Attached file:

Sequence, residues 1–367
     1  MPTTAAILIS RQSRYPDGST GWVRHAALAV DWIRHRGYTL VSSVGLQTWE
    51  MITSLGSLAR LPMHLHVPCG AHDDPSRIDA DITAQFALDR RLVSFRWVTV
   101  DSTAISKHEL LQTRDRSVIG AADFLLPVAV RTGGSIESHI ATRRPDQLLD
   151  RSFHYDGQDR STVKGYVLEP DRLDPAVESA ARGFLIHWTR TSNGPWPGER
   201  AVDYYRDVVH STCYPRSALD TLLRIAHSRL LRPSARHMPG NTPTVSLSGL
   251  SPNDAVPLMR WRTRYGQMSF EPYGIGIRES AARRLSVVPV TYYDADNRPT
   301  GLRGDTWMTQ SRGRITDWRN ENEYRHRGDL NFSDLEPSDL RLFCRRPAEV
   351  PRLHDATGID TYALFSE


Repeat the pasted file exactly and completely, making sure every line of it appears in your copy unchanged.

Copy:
Sequence, residues 1–367
     1  MPTTAAILIS RQSRYPDGST GWVRHAALAV DWIRHRGYTL VSSVGLQTWE
    51  MITSLGSLAR LPMHLHVPCG AHDDPSRIDA DITAQFALDR RLVSFRWVTV
   101  DSTAISKHEL LQTRDRSVIG AADFLLPVAV RTGGSIESHI ATRRPDQLLD
   151  RSFHYDGQDR STVKGYVLEP DRLDPAVESA ARGFLIHWTR TSNGPWPGER
   201  AVDYYRDVVH STCYPRSALD TLLRIAHSRL LRPSARHMPG NTPTVSLSGL
   251  SPNDAVPLMR WRTRYGQMSF EPYGIGIRES AARRLSVVPV TYYDADNRPT
   301  GLRGDTWMTQ SRGRITDWRN ENEYRHRGDL NFSDLEPSDL RLFCRRPAEV
   351  PRLHDATGID TYALFSE